Our nation’s forests, rivers and wetlands, and seascapes are significant on a planetary scale. The decisions we make in the next decade will determine not just the quality for life of generations of Canadians, but also our contribution to global sustainability.
As Canada enters a new era of international cooperation for environmental action, we bring resources and innovation from the world’s largest conservation organization, The Nature Conservancy. That includes sharing and learning at a global scale, ground-breaking approaches to our greatest environmental challenges, and international philanthropic dollars and impact investment.
25 Million Acres
Our investment in the Great Bear Sea will help advance a world-leading integrated ocean management initiative spanning 25 million acres.
TNC Canada will raise $100-million through philanthropic and impact investment over the next five years to support Canadian conservation
By Claire Hutton, Community Conservation Advisor
How a trip to Tanzania is helping to strengthen community conservation in Canada and Africa.
By Allison Martin, Global Indigenous Peoples and Local Communities Program
There were lessons to learn and share in Tanzania about community-led conservation.
As a dual citizen, TNC Canada's Jessie works across teams and borders to keep forests intact.
By Mark Tercek
At such an uncertain time, with a new American president in office and political passions running high, how should environmentalists proceed?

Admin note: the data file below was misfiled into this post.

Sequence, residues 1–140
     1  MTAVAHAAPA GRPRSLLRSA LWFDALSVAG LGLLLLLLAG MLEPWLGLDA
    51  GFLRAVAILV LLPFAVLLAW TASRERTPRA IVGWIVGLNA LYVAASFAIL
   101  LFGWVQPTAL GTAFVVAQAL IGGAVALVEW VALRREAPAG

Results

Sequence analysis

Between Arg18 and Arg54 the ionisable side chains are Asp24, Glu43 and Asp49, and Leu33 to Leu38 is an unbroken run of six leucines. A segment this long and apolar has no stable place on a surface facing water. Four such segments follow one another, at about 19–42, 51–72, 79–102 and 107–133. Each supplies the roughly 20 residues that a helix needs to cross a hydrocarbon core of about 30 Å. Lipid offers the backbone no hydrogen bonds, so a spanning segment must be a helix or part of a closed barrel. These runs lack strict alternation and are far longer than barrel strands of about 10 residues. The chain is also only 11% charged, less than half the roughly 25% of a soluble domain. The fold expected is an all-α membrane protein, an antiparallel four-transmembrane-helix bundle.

The deal to conserve the Great Bear Rainforest marked one of our top 12 signs of progress in a challenging year around the world.
Our global CEO Mark Tercek reveals the science behind building a sustainable future.
Working across borders achieved a historic win for nature as the Canadian and U.S. governments approve Plan 2014 for the St. Lawrence River and Lake Ontario.
E Alu Pu translates to "Move Forward Together"—which is what's happening in Hawaii right now as a TNC Canada-sponsored delegation of First Nations leaders connects with people from around the world.
By Michael Reid, Community Conservation Coordinator
What happens when you bring together people across a 100-million-acre rainforest? Sharing campfire lessons that could lead to new ways of sharing this landscape.
Enjoy this personal essay from a place where the land is the people and the people are the land.